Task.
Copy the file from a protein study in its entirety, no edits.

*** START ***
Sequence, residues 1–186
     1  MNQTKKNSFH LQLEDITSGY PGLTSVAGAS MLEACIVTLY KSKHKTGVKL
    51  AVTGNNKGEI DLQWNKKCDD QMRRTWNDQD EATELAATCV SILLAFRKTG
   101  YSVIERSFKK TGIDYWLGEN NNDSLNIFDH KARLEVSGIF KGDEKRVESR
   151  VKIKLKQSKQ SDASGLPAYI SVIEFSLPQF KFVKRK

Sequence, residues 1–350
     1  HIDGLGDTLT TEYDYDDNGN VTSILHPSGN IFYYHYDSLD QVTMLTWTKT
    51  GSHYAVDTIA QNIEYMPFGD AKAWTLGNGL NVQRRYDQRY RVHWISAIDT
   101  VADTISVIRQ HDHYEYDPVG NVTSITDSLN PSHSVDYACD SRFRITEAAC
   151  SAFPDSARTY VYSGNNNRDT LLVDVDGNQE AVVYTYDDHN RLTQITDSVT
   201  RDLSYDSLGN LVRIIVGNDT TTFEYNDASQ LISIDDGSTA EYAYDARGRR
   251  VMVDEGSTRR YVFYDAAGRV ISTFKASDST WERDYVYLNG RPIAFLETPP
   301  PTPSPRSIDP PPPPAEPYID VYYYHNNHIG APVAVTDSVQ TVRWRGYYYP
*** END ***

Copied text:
Sequence, residues 1–186
     1  MNQTKKNSFH LQLEDITSGY PGLTSVAGAS MLEACIVTLY KSKHKTGVKL
    51  AVTGNNKGEI DLQWNKKCDD QMRRTWNDQD EATELAATCV SILLAFRKTG
   101  YSVIERSFKK TGIDYWLGEN NNDSLNIFDH KARLEVSGIF KGDEKRVESR
   151  VKIKLKQSKQ SDASGLPAYI SVIEFSLPQF KFVKRK

Sequence, residues 1–350
     1  HIDGLGDTLT TEYDYDDNGN VTSILHPSGN IFYYHYDSLD QVTMLTWTKT
    51  GSHYAVDTIA QNIEYMPFGD AKAWTLGNGL NVQRRYDQRY RVHWISAIDT
   101  VADTISVIRQ HDHYEYDPVG NVTSITDSLN PSHSVDYACD SRFRITEAAC
   151  SAFPDSARTY VYSGNNNRDT LLVDVDGNQE AVVYTYDDHN RLTQITDSVT
   201  RDLSYDSLGN LVRIIVGNDT TTFEYNDASQ LISIDDGSTA EYAYDARGRR
   251  VMVDEGSTRR YVFYDAAGRV ISTFKASDST WERDYVYLNG RPIAFLETPP
   301  PTPSPRSIDP PPPPAEPYID VYYYHNNHIG APVAVTDSVQ TVRWRGYYYP